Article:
AMARILLO - The Supreme Court ruling on health care reform caused a national stir Thursday, but looking five months ahead, what does it mean for the election?
"I think it gives that sort of mobilizing, and it's right at the right time too. It's not too close to the election, so it could not be fully developed, and it's early enough both parties can develop it into something useful," Dr. David Rausch, Teel Bivins Professor of Political Science, said.
According to Rausch, this ruling could be a turning point for both parties, who can spin the ruling in different ways.
"Put him in office and he'll do more things for you, whereas the Republicans will say he'll do more things to you," Rausch said.
"It's forced Obamacare to be dealt with as a political issue," Tom Roller, Potter County Republican Chairman said.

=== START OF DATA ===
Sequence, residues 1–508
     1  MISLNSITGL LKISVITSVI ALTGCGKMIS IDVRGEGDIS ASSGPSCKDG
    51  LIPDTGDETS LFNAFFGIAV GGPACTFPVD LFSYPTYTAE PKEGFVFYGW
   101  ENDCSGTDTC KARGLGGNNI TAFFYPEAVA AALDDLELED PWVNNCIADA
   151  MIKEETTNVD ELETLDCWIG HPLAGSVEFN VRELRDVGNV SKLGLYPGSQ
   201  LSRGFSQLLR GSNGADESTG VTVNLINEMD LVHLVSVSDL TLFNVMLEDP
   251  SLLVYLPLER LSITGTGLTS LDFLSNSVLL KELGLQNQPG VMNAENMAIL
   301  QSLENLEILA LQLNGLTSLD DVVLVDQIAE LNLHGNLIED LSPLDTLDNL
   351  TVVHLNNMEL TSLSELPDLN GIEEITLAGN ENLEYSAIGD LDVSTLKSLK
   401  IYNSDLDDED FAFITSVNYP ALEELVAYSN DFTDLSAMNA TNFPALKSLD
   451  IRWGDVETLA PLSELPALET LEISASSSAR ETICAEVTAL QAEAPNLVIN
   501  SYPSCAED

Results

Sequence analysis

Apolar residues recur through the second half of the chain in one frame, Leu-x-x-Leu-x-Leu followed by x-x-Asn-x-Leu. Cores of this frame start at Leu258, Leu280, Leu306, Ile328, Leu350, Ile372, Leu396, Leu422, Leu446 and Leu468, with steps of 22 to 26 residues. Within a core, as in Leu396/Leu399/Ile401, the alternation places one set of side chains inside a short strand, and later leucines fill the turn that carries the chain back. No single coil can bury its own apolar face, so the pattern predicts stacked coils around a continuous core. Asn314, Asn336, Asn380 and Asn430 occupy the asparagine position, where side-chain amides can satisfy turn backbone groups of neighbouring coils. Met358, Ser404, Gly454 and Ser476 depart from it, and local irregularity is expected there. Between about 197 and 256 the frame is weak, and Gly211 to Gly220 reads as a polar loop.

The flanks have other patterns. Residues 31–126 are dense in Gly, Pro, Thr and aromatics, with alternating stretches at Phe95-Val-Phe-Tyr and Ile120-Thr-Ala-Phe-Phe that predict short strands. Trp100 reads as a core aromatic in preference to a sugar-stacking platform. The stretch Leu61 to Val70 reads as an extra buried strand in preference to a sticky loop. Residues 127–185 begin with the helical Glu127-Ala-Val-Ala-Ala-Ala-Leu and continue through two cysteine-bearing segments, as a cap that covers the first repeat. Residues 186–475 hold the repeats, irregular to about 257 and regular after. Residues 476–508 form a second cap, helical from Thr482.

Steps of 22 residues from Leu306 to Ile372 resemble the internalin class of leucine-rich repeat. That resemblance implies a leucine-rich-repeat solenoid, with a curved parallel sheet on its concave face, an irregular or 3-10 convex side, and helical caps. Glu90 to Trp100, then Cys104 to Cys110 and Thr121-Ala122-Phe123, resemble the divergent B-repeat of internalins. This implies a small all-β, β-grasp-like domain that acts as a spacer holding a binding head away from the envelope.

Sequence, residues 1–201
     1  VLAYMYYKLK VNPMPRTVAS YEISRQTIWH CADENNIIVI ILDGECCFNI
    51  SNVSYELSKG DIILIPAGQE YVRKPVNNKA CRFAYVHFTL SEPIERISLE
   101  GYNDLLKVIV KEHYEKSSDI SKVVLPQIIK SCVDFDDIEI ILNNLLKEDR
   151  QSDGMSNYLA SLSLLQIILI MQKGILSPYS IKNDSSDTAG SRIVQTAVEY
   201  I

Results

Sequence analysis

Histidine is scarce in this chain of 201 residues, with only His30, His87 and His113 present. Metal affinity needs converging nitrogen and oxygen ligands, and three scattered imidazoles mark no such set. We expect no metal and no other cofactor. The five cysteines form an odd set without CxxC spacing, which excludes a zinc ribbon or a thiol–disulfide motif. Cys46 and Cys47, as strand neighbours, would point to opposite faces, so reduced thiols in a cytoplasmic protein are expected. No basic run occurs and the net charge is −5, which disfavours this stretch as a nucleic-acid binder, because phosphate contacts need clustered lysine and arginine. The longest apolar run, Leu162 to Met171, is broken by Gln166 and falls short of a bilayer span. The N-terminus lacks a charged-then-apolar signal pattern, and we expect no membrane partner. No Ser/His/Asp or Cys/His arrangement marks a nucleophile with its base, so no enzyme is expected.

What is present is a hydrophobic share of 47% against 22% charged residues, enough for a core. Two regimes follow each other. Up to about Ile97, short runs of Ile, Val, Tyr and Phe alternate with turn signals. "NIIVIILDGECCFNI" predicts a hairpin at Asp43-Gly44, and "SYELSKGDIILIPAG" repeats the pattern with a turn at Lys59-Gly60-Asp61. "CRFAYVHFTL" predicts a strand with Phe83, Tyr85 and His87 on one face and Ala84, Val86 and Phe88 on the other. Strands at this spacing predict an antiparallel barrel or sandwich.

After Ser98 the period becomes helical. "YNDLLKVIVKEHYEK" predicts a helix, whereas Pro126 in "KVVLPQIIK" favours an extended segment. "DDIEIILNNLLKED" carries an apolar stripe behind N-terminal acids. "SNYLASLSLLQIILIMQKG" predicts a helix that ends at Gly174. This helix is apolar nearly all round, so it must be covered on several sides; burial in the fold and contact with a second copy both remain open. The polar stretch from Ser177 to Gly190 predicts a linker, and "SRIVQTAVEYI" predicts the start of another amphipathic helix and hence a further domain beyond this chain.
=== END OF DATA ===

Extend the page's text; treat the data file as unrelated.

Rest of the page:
Roller says not long after the ruling was announced, his phone started to ring.
"For signs and bumper stickers, I've had three today, which has never happened and I've been County Chair 12 years," Roller said.
According to Roller, people don't typically get engaged till a Vice President candidate is chosen.
But everyone seems to agree, it will all come down to what voters say in November.
"It's not going to be the Supreme Court who votes, it's going to be the people," Roller said.